corn, soybeans, and wheat hovered around 27%. In 1980, that share was over 60%.
To increase market share, U.S. exports must be cost-competitive, and that means
being a low-cost producer.

·      Flattened
World Meat Consumption.
In China,
rising prices of mutton, beef, pork, and chicken has dinged demand. Meanwhile,
India’s gross domestic product has declined in recent years. That gives Indians
less money to spend on meat.

“We
expected China to be the big (meat) buyer, followed by  India,” says Basse. That’s no longer the case
for India.”

Meanwhile,
U.S. red meat consumption is declining, down more than20 pounds per person
since its 2006 peak.

·      Declining
Investor Sentiment.
“Ag commodities
are no longer favored by global investors,” he says. “The money has been
leaving.”

Investors
are instead flocking to the stock market. So far, this year’s S&P 500 stock
index has risen over 28%, and there’s still room to grow, notes Basse.

Fewer Acres

Compounding 2014’s situation
will be the approximately 9 million acres that weren’t in production in 2013,
due to placement in the Conservation Reserve Program (CRP) or due to prevented
plating. These factors, when combined with less demand, will build U.S. grain
and oilseed stockpiles and lower prices. In response, Basse thinks 20 to 24
million U.S. crop acres will be pulled from production over the next five
years.

 “The functionality of the market is to get fragile
land out of production,” he says. “It will probably take some kind of
government intervention.”

Farmland Values

All this will likely pressure
U.S. farmland values, particularly when interest rates rise from their current
low levels.

 “They could correct 5% to 35%, depending on
how fast interest rates will rise and on China’s future imports of soybeans and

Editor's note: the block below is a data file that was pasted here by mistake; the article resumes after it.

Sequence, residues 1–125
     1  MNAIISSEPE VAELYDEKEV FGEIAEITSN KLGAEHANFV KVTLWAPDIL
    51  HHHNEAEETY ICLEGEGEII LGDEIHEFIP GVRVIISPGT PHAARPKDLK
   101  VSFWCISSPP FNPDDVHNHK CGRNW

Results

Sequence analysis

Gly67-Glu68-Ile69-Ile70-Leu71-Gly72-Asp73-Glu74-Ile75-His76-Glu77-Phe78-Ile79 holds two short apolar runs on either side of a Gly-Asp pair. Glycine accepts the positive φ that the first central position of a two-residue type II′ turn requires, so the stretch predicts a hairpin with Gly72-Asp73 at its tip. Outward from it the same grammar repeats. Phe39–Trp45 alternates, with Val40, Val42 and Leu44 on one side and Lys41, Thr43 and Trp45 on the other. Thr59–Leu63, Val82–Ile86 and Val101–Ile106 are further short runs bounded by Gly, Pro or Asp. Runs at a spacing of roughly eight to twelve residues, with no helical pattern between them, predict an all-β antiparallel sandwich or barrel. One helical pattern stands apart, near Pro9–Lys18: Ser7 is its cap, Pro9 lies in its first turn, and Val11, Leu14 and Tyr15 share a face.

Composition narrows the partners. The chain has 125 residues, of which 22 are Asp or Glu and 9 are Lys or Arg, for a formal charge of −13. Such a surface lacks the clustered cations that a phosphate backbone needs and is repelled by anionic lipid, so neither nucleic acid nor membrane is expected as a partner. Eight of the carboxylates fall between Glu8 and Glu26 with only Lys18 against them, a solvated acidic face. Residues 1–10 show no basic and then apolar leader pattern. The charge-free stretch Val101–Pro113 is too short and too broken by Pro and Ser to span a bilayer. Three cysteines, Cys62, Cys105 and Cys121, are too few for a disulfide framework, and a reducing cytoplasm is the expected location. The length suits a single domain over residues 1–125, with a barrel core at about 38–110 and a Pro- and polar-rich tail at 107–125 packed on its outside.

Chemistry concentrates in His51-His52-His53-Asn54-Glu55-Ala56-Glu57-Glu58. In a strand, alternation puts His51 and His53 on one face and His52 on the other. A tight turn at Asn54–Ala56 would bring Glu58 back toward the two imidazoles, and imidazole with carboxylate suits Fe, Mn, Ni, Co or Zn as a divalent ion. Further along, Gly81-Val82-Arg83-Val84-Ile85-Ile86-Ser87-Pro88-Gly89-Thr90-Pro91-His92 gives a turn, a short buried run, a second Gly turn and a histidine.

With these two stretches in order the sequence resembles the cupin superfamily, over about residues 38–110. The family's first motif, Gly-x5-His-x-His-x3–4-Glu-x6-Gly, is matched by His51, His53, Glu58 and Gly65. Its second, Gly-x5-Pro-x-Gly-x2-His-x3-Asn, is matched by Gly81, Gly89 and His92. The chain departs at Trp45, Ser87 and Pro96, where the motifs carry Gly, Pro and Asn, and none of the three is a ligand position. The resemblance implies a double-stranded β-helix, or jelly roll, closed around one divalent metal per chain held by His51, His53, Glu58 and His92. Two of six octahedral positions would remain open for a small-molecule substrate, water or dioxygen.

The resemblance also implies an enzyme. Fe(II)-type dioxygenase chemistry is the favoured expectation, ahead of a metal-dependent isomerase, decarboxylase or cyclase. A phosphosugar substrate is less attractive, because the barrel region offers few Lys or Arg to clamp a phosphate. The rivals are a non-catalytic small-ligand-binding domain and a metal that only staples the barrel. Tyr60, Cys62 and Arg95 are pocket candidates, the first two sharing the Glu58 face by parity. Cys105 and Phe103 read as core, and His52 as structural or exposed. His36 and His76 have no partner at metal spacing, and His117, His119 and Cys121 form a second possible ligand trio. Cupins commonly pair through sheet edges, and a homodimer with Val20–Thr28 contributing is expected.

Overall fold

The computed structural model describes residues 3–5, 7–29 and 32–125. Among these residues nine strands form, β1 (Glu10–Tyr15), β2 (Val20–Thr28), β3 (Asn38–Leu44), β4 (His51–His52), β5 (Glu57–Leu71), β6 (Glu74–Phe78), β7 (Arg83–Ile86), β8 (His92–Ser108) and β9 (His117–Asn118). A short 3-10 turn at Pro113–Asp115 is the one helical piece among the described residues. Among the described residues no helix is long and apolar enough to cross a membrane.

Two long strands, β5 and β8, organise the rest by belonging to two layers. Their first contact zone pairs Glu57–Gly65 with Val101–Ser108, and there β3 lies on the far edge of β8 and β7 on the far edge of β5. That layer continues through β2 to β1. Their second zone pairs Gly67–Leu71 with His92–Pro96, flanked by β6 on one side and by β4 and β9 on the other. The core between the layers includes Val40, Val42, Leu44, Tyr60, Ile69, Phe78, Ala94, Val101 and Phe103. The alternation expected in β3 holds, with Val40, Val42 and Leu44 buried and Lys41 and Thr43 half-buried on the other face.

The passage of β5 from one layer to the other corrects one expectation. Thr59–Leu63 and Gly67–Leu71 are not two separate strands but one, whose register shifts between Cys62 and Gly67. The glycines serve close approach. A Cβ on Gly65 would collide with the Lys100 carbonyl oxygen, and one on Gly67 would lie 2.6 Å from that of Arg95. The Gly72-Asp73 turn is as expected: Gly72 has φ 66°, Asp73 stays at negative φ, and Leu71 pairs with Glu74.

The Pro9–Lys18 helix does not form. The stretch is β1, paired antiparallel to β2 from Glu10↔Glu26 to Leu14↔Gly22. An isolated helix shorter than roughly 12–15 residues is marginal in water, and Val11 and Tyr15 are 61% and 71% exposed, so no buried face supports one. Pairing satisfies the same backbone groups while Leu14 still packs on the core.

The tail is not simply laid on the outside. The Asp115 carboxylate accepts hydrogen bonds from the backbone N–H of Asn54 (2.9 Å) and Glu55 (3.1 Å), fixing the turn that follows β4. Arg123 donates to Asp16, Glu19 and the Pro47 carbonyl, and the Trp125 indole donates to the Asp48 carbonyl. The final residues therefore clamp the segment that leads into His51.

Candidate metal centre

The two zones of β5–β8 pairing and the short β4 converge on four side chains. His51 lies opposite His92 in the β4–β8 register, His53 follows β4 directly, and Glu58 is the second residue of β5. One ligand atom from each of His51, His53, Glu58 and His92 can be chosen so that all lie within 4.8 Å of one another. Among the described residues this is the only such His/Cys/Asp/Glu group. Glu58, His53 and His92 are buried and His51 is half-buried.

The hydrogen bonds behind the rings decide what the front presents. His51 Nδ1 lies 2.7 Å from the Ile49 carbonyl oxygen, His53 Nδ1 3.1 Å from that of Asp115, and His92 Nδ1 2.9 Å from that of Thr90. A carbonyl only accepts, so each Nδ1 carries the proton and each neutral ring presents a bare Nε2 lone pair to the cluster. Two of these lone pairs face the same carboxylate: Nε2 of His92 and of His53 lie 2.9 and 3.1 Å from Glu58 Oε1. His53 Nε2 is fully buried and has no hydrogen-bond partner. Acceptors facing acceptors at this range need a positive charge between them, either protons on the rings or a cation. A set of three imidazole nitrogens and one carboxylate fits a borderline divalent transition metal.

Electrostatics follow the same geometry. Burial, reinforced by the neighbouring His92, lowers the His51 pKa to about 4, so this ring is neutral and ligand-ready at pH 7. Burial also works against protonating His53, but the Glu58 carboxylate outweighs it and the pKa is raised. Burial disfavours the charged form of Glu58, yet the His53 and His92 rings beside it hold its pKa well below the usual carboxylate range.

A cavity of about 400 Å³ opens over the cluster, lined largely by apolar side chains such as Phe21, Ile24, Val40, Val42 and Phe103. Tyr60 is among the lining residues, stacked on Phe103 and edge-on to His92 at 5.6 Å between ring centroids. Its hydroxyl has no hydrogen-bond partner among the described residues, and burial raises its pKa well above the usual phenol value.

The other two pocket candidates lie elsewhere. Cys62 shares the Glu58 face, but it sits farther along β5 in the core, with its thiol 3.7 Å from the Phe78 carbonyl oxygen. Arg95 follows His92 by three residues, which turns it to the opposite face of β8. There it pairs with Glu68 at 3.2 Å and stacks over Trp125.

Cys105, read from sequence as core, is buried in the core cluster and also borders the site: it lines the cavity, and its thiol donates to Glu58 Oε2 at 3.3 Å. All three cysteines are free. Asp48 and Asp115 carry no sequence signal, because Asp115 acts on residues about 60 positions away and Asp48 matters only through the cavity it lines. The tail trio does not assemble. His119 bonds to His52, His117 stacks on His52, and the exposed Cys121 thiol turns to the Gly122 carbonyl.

grains,” he says.

Still, the break likely will
be gentler than during the 1980s, when land values dropped 30% to 40% in two
years, he adds.

All this will cause farmers
to carefully scrutinize the inputs they buy.

“With the bull market in
agriculture, everyone has had their hands in the farrmers’ pockets,” he says.
“Whether it’s land, seed or fertilizer, everything has gone up in price.”

That will change. If a farmer
is going to cut costs, here are the top four inputs, along the percentages that
typically make up the cost of growing corn for Midwestern farmers. 

·     
Land: 33.3%

·     
Seed: 13.2%

·     
Nitrogen:
13%

·     
Harvest
machinery 11.9%

Going Forward

Keep in perspective that
historically, agriculture has had bull markets interspersed with sideways
markets. We likely are entering a sideways market.

This could change. Adverse
weather could positively alter the price picture. Demand—and ultimately
prices—could perk up if worldwide caloric intake rises.

For the next three to six years,
though, expect tighter margins than those you have enjoyed since 2006.

“This is a change in the
landscape from the last 7 years,” he says.